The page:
Strict liability rules in the EU are harmonized by the PLD, which is applicable to manufactured products. The liability regime in the PLD is straightforward: when the product is defective, there is harm caused to the consumer, and there is a causal link between the defect and the harm, the manufacturer is liable to compensate the harm caused to the individual. This liability regime is called “strict” because it does not allow any exceptions, even if the manufacturer can prove they exerted proper care and diligence. For all products sold in the EU market, the existence of these three criteria equal liability.
Whereas strict liability applies to the manufacturing of products, supply of services are covered under negligence liability. Negligence laws are not harmonised in EU. However, while there are some variations between Member States, they share a level of similarity. Negligence liability rules are characterised by one extra criterion compared to strict liability: the existence of fault or the breach of the duty of care. The extra criterion for the existence of negligence liability means that the supplier of services is not held liable unless it is shown that they did not follow the appropriate standard of care. If harm is caused but the appropriate standard of care is shown to be upheld, there is no liability for the supplier of services.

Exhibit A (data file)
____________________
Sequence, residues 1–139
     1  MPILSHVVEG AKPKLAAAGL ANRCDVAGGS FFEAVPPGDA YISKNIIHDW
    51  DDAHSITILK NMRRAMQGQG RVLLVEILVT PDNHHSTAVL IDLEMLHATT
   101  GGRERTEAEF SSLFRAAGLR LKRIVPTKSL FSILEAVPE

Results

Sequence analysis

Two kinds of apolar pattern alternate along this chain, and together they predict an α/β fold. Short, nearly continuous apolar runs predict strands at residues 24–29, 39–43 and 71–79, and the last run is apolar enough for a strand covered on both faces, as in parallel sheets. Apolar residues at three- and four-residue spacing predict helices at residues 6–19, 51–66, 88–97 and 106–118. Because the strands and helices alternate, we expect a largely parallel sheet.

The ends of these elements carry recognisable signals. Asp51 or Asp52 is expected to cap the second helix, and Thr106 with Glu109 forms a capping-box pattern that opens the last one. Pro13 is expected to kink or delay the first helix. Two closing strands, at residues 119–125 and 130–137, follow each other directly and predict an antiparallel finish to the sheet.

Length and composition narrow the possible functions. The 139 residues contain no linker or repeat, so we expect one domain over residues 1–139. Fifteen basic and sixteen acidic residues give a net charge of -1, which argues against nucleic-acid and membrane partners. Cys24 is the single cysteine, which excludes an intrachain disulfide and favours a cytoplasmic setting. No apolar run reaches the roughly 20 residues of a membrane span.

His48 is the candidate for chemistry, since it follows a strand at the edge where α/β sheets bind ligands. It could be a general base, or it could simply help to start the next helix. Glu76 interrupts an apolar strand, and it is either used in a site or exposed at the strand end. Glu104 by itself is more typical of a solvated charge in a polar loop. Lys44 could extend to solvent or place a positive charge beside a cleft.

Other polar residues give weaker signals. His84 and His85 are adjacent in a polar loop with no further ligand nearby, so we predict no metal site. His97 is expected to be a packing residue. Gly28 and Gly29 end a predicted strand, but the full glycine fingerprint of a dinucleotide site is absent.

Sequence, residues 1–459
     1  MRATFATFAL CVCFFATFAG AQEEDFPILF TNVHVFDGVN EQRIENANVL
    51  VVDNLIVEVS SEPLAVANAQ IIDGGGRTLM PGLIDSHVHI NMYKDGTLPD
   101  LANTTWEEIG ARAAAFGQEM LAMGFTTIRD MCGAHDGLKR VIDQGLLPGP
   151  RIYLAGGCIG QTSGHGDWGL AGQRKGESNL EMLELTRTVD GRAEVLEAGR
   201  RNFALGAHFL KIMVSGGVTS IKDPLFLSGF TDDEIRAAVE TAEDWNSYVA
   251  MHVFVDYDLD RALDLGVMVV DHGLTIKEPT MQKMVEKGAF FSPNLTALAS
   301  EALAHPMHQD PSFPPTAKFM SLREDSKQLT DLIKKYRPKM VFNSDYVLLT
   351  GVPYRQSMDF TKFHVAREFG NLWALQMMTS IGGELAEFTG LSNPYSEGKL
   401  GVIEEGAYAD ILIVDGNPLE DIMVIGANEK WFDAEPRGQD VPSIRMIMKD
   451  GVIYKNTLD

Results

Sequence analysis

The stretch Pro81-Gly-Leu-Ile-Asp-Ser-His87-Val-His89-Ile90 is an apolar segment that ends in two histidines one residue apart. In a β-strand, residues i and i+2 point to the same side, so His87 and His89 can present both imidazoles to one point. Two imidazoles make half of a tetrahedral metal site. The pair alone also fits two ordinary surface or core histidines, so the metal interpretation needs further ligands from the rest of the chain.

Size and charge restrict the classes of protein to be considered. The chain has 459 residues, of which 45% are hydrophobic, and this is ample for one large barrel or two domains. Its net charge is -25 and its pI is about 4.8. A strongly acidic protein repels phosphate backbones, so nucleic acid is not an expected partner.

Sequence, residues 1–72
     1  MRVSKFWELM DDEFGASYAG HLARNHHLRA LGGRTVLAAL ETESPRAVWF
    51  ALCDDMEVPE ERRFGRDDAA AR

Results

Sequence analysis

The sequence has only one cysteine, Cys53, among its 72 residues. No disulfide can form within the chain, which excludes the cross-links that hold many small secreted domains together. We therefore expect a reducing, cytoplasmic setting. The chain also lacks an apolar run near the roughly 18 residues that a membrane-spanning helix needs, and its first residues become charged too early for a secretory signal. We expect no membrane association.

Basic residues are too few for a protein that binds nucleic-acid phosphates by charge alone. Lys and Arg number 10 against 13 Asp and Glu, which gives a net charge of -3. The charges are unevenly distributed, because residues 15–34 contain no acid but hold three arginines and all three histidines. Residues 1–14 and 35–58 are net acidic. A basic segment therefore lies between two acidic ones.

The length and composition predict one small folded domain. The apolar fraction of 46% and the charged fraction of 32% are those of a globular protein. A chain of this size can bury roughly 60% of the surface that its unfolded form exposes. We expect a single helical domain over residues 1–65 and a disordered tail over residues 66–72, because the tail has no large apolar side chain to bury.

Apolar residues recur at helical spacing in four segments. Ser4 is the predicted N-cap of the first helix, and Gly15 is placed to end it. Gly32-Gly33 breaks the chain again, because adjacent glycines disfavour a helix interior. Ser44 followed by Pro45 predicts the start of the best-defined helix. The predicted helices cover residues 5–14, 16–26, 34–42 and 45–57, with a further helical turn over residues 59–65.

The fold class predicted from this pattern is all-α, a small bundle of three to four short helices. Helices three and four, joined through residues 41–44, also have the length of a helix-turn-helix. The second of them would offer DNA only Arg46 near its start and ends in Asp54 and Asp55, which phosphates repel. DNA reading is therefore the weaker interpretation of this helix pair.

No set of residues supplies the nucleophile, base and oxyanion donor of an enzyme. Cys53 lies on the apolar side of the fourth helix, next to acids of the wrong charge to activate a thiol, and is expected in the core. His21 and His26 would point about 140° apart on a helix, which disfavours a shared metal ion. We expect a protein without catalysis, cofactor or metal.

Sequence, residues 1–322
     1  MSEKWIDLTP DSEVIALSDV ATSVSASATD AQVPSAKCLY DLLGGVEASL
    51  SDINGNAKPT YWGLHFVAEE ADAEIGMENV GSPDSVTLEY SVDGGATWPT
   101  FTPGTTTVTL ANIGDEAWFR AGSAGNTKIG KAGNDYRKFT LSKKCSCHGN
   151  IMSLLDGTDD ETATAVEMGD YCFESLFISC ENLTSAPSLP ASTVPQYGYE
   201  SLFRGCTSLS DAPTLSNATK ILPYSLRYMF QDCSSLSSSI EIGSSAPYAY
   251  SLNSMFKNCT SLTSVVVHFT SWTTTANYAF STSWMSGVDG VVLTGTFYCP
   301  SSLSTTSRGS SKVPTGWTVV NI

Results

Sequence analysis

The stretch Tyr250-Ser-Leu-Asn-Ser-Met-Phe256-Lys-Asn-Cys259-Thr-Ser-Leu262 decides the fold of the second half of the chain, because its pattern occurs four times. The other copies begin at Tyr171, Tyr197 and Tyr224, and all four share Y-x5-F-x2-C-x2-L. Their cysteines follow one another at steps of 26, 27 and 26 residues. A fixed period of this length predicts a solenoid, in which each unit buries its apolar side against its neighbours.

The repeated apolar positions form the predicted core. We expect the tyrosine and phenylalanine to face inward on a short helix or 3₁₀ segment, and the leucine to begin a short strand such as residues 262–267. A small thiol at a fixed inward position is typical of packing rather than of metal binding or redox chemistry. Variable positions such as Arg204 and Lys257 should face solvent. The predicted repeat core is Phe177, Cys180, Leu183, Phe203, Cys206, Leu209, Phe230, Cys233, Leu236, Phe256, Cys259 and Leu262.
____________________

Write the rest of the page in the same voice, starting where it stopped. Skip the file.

The background of the product/service dichotomy
The dichotomy between a product and a service is manifested in the distinction between strict and negligence liability. The PLD does not offer reasons why products, as opposed to services, must be regulated under strict liability, other than simply referring to industrialisation and technologization of manufacturing. If we turn our attention to case law, the ECJ reiterates that strict liability applies to industrial products and that the activity of service providers is different than that of manufacturers, thence emphasising that the distinction between products and services is important (Krone Verlag case ECJ).